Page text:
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by Delwynne Fife

When I arrived in Australia in August 2007, the first question everyone asked me was: "Who do you support?"

Being a World Cup year, my reply was always the same: The Boks! I was usually given the evil eye and I just assumed it was because I hadn't picked the Wallabies. It soon became apparent I had no idea what they were on about.

I'd seen a few footy games on TV and on the big screen down at the pub in London, but the game held no attraction for me. That was until I went to a live game! A total of 90,000 people watching two club teams chase a leather ball around an oval. Now that's atmosphere! I was soon hooked and began to spend weekends at the stadium with friends and family. At $20 a ticket, you can't really go wrong. In fact, most weekends I was going for free, thanks to unused season tickets or freebies.

By the end of my first season, I was a Bombers fan. Not that I had much choice: My Australian wife and my mother-in-law are Essendon supporters. The end of the season meant free weekends and football free newspaper pages. But it wasn't too long before it all started again in February.

By the second year I had learned some of the rules, the names of some of the players and the best way to eat a Four'N Twenty pie! My team played a disappointing season again, but thanks to a new coach they did perform a little better than the previous year. I went to more games including my first ever at Etihad Stadium. And to top off the perfect year, I was given tickets to the grand final between Geelong's Cats and the Hawthorn Hawks. What a day!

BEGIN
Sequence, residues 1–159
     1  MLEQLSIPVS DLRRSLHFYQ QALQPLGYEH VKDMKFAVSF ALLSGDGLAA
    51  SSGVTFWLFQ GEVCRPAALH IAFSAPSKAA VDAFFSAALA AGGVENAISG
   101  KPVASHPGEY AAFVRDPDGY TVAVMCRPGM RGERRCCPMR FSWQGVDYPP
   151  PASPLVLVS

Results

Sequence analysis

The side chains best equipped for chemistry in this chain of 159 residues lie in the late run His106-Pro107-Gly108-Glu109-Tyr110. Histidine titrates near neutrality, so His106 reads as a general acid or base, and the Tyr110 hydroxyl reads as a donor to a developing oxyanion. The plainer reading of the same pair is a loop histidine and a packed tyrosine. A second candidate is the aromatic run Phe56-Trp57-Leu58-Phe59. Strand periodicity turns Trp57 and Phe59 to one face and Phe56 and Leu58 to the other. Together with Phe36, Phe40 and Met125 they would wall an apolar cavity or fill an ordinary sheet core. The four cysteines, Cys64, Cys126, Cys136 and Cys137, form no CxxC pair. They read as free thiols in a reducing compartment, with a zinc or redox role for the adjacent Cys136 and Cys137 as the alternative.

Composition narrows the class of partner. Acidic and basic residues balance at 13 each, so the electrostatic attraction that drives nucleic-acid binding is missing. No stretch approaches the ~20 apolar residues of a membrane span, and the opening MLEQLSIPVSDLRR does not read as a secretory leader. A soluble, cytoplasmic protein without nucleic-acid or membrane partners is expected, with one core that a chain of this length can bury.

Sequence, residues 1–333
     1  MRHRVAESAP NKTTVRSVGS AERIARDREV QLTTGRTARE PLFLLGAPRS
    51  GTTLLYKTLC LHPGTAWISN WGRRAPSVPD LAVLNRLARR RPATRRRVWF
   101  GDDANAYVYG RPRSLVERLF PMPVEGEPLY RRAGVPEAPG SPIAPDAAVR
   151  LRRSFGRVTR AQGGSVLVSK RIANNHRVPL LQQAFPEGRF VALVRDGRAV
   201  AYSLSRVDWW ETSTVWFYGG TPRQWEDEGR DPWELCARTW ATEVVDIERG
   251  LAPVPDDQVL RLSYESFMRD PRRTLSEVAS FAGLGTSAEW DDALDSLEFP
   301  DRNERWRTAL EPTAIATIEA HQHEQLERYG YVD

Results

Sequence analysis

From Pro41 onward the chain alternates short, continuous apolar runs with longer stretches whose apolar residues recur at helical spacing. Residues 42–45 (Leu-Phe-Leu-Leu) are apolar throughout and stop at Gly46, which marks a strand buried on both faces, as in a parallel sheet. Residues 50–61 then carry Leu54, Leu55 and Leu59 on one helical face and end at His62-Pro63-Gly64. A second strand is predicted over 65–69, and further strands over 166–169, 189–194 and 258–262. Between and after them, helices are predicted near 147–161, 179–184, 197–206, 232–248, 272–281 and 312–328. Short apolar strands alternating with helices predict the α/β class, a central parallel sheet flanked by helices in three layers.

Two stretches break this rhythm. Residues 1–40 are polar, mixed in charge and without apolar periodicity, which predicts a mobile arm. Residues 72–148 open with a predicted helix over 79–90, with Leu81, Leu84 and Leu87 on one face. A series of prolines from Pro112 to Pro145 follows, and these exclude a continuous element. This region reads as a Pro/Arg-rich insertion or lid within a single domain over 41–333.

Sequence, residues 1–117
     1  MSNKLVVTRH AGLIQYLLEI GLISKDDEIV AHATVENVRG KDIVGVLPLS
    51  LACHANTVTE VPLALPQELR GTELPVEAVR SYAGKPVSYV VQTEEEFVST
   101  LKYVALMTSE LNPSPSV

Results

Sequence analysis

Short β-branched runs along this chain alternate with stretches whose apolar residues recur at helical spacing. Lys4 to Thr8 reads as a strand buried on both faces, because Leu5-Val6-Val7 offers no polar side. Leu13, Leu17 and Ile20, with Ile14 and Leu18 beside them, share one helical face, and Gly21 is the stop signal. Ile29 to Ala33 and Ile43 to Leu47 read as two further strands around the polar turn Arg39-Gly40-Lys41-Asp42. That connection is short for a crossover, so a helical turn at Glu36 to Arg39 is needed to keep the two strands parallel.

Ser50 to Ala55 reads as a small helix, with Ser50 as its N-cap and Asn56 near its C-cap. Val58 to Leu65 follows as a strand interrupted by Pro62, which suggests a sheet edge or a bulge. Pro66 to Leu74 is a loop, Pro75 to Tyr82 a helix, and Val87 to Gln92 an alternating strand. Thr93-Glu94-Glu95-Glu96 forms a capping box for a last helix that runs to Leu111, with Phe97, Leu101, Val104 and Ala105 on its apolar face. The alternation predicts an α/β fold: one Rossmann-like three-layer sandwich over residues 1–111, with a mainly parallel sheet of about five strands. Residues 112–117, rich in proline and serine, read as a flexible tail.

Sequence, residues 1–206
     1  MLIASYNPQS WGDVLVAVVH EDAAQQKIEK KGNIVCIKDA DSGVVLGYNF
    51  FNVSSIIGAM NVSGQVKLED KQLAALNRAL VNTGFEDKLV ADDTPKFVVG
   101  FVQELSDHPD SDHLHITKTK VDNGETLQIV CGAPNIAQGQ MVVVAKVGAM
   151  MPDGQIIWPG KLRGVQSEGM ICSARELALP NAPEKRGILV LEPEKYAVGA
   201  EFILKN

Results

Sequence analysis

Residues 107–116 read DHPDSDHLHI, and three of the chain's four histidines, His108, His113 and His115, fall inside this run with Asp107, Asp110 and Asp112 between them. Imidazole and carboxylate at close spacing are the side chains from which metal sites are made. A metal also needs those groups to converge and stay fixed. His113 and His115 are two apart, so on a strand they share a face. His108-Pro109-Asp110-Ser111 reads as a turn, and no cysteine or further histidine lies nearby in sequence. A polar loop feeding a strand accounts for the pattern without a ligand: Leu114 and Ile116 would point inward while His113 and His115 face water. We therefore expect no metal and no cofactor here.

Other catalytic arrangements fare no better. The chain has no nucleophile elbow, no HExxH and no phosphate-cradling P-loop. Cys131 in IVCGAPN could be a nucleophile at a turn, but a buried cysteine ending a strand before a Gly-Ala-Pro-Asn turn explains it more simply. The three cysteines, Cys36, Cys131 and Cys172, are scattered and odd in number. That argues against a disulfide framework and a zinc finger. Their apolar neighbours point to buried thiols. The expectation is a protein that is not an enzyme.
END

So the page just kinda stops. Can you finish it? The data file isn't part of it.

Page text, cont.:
The MCG was packed to capacity with 100,012 spectators. We watched the pre-game entertainment and the passing parade of retiring players and medal winners. We saw a Qantas Boeing do a fly-by and we listened to Jet play a few songs.

And then the teams ran out and we heard the roar of the crowd! The atmosphere was spine-tingling to say the least. We didn't support either team, but this made the game even more enjoyable. The dry, sunny conditions allowed for a fast-paced, running game. By the end, the players were exhausted, the fans were hoarse and Hawthorn had won the game by 26 points. It was a day that I will never forget.

So, here's some advice for all you rugby fans out there who refuse to watch AFL: Don't watch it on TV. Get out and see a live game. You'll be amazed at how much better it is. Oh, and "Go Bombers!"

Note: The Four'N Twenty pie was first baked in 1947 by LT McClure in the Victorian town of Bendigo. At the Royal Melbourne Show the following year the Four'N Twenty pie became a hit and so began its long journey to success. The factory where the pies are produced is in Kensington in Melbourne and is claimed to be one of the largest pie factory plants in the world capable of producing more than 50,000 pies per hour. It is considered a tradition to consume a Four'N Twenty Meat Pie at an Aussie Rules Football match.

Posted in lifestyle |
Posted by Delwynne Fife
10 Dec 2009

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